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The mother of Kyle Mullen, who died after completing 'Hell Week' of the US Navy SEAL training, has been left 'horrified' by his autopsy report.
Having now read his official autopsy report, his mum Regina says she is 'horrified' at the way he was treated.
She wants the people in charge of training when her son died to be held to account and for there to be permanent oversight on the Hell Week part of the training.
Calling her son's treatment and death a 'disgrace to the country', she is waiting on the results of an investigation into his death by the Naval Criminal Investigative Service.
Regina has said she wants them 'all in jail' and 'never able to work in the Navy' again after her son died under their supervision.
Promising not to stop in her pursuit of justice, she said the circumstances around her son's death were 'like murder to me and no one seems to care'.
According to Stripes, the autopsy report states that Kyle had completed Hell Week and 'was being looked after by non-medical personnel to help him tend to his basic needs'.
Kyle Mullen, who died Feb. 4 after completing the grueling first phase of U.S. Navy SEAL training called “Hell Week,” was supposed to be the best man at his brother TJ’s June wedding. A photo of Kyle was set up at the ceremony instead.https://t.co/0QUsmcpdBz— Stars and Stripes (@starsandstripes) June 27, 2022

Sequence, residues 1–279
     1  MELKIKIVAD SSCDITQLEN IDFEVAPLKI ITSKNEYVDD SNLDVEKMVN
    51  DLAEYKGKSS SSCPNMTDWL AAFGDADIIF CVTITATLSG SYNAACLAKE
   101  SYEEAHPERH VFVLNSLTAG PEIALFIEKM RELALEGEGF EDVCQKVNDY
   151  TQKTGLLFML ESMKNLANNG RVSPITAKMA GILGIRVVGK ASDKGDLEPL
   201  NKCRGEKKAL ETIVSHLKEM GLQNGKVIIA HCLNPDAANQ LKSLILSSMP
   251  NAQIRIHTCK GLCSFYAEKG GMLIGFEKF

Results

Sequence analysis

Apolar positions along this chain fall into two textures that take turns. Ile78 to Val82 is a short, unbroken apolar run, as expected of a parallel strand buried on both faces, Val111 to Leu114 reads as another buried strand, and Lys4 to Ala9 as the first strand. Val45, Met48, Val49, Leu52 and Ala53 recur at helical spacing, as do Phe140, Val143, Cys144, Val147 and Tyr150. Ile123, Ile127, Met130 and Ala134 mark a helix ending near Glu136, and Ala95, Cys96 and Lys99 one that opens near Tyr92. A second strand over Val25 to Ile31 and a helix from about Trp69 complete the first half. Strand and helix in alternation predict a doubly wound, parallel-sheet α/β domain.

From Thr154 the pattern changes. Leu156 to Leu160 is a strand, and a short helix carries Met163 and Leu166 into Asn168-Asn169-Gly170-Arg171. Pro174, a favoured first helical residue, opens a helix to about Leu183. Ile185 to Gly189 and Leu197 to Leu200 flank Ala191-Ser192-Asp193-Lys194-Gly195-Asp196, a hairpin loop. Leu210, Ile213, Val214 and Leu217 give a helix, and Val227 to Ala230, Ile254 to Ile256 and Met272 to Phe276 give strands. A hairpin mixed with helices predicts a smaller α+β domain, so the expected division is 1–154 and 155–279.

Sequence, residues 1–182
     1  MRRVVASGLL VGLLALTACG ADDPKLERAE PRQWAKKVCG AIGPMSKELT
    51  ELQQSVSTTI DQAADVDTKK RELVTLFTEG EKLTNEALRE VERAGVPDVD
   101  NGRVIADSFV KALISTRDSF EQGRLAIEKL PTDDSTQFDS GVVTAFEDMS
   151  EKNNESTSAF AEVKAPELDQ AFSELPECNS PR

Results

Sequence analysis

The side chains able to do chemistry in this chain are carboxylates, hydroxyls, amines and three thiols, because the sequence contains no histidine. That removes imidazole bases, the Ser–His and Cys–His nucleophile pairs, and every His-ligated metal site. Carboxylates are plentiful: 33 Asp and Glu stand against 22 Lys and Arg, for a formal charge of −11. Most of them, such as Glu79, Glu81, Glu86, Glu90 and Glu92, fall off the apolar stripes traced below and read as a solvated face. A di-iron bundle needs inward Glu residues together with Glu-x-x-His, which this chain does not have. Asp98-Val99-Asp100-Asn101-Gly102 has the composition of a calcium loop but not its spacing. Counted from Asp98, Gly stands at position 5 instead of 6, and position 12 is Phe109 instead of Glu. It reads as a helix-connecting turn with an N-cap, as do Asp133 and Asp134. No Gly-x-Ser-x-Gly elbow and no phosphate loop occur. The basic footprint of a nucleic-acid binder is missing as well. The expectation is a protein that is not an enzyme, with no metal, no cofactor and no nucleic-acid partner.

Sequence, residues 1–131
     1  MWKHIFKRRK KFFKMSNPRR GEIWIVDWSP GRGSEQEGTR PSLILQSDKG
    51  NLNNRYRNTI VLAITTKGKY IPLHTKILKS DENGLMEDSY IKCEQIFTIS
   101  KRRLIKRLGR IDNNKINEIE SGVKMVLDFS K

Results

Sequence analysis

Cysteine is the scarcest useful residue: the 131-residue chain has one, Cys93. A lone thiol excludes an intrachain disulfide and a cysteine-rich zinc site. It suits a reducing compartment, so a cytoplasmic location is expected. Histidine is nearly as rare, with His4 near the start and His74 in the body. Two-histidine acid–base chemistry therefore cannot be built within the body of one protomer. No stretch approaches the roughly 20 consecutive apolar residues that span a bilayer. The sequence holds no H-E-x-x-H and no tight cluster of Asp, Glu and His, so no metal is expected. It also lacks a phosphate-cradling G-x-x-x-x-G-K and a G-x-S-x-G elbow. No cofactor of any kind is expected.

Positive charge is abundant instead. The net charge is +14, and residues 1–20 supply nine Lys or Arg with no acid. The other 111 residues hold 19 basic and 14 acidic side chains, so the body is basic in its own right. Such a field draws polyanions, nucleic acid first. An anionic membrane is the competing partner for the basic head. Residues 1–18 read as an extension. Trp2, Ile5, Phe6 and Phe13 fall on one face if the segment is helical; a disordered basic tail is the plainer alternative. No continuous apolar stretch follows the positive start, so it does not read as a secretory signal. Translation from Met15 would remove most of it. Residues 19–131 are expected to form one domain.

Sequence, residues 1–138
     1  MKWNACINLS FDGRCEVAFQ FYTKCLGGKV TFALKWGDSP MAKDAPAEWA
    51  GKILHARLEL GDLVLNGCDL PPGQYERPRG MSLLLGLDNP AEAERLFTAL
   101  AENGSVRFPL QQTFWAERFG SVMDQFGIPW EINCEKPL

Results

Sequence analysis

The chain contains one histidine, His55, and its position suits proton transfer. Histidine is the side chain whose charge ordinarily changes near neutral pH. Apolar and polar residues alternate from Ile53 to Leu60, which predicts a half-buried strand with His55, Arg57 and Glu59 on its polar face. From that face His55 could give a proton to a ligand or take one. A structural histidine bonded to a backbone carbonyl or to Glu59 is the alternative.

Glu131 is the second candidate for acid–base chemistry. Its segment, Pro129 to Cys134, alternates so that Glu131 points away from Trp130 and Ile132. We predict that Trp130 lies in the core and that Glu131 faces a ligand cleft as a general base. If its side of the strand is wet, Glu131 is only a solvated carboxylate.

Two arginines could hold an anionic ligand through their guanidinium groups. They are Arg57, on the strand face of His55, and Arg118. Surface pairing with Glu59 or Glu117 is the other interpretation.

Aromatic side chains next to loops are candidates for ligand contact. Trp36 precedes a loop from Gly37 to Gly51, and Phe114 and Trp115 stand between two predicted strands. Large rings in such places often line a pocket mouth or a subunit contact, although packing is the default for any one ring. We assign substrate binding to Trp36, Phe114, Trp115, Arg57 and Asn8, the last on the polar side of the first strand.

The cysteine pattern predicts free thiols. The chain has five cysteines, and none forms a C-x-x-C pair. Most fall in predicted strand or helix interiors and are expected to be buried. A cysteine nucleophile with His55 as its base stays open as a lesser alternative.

It describes how the 24-year-old 'was in a wheelchair most of the time' as he was 'unable to stand and walk on his own'.
Kyle had also reportedly been coughing up large amounts of 'red-tinged fluid' which got to such large amounts that it 'nearly filled a 36 oz. sports drink bottle'.
Regina described how her son had talked last August about 'mistreatment' during training exercises, and that she had facetimed him in January only to see his face was 'swollen' and 'he'd been spitting up blood'.
She also remembered a phone call with her son the day he completed Hell Week where she told her son 'you don't sound good' and asked him what was wrong.
Hell Week follows several weeks of boot camp training and is designed to push candidates for the Navy SEALs to their 'physical and mental limits'.
Only around one in five candidates makes it through the gruelling training, which involves a series of high intensity exercises with few opportunities for sleep.
On average between 200 and 250 candidates pass the training and become fully fledged Navy SEALs each year.
According to NBC News, as many as 17 SEAL candidates have died in training accidents during the past couple of decades.
If you have experienced a bereavement and would like to speak with someone in confidence contact Cruse Bereavement Care via their national helpline on 0808 808 1677.
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